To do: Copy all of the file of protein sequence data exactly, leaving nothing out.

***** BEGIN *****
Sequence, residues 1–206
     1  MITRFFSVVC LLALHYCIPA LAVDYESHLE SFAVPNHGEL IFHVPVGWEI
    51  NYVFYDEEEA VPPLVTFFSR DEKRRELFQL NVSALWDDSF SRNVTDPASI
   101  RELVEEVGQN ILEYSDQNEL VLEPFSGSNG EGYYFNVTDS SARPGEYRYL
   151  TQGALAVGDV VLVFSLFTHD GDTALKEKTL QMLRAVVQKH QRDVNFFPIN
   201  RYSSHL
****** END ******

Sequence, residues 1–206
     1  MITRFFSVVC LLALHYCIPA LAVDYESHLE SFAVPNHGEL IFHVPVGWEI
    51  NYVFYDEEEA VPPLVTFFSR DEKRRELFQL NVSALWDDSF SRNVTDPASI
   101  RELVEEVGQN ILEYSDQNEL VLEPFSGSNG EGYYFNVTDS SARPGEYRYL
   151  TQGALAVGDV VLVFSLFTHD GDTALKEKTL QMLRAVVQKH QRDVNFFPIN
   201  RYSSHL